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Saigon temperatures may drop to 18 degrees Celsius this week

By Ha An   January 7, 2021 | 12:16 am PT
Saigon temperatures may drop to 18 degrees Celsius this week
People wear coats and masks during a foggy morning in HCMC, December 24, 2020. Photo by VnExpress/Huu Khoa.
Temperatures in HCMC and other southern Vietnam localities could drop to 18 degrees Celsius from Saturday to Monday as a mass of cold air approaches from the north.

Southern Regional Hydro-Meteorological Center on Thursday said temperatures would drop to their lowest in the early morning, before gradually rising during the day. The highest temperature could go up to 33 degrees Celsius (91.4 degrees Fahrenheit) at noon, it added.

From Friday, HCMC and other southern Vietnam regions could experience unseasonal rains, negatively affecting plants and flowers to be used as decorations for the Lunar New Year Festival in February.

After next Monday, another mass of cold air would affect southern Vietnam, though not as severely as the one prior.

Le Dinh Quyet, deputy head of the center’s forecasting department, said temperature differences between noon and the afternoon could be up to 13 degrees Celsius apart. Such differences could cause fatigue, especially for those who work outdoors.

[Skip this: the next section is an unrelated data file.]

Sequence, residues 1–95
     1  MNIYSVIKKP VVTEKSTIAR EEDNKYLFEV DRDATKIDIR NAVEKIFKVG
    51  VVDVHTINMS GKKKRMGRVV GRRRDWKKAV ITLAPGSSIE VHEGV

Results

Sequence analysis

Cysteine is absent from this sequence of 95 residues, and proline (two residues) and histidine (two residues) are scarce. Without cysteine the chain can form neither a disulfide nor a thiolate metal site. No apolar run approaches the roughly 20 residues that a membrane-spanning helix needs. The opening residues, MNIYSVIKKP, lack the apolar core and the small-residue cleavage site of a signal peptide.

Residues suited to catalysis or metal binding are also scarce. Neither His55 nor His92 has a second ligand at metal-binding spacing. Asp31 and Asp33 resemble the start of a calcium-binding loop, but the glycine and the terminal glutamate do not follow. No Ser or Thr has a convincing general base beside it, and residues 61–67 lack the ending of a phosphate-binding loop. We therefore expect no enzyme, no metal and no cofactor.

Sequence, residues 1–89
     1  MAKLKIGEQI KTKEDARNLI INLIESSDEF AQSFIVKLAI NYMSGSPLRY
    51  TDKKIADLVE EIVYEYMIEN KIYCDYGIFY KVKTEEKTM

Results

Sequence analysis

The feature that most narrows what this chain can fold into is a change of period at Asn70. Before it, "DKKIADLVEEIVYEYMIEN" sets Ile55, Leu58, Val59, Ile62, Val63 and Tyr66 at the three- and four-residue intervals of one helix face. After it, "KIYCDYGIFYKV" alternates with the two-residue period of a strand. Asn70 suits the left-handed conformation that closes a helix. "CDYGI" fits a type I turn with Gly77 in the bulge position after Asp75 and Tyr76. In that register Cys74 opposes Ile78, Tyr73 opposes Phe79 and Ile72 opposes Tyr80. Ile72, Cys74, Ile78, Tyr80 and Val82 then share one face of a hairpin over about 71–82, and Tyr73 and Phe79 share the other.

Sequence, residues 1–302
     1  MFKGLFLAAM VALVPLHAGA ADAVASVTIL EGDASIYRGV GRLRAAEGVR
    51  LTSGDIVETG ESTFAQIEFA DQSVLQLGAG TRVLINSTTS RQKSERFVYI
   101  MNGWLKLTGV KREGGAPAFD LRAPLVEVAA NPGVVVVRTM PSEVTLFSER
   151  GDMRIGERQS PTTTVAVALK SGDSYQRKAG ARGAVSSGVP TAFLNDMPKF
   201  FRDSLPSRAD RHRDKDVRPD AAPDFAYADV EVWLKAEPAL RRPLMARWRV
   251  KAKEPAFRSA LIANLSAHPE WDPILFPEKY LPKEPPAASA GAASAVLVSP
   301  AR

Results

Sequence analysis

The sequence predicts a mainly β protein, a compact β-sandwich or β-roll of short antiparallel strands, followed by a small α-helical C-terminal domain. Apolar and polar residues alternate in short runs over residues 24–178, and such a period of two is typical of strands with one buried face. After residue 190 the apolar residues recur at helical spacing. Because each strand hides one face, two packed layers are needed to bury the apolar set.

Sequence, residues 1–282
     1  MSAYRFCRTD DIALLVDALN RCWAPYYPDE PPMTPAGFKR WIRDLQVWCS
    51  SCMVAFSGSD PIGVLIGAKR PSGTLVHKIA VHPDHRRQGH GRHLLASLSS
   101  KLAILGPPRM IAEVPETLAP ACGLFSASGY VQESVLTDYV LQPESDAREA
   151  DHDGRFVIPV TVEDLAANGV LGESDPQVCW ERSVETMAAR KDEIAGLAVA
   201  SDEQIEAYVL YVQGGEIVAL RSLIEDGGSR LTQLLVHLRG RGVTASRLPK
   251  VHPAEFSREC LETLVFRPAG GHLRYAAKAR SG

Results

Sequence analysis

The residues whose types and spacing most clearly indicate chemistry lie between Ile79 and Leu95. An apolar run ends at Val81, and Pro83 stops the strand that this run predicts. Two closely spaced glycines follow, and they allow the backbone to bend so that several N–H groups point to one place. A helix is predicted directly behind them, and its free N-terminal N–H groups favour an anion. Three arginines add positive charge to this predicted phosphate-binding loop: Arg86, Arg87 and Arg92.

HCMC has a tropical wet and dry climate, with average temperature of 27.5 degrees Celsius.

In the past decade, the coldest temperature recorded in the city was 17 degrees Celsius in 2009. Its coldest temperature ever recorded since 1976 was 16.4 degrees Celsius on Dec. 25, 1999. Last year, the coldest temperature was 20 degrees Celsius, according to the center.

Vietnam is expected to experience a colder winter than usual this year as the Pacific Ocean sea surface temperature drops, forming the La Niña phenomenon, weather experts said last year. The country should expect up to 27 waves of cold air coming from the north this winter, a typical average.

Average temperatures in the first three months of 2021 are expected to be approximately the same as previous years. More frequent rainfall can occur in central and southern Vietnam as a result of La Niña, and even during the dry season in the Central Highlands, according to Nguyen Van Huong, head of the weather forecasting department at the National Center for Hydro-Meteorological Forecasting.

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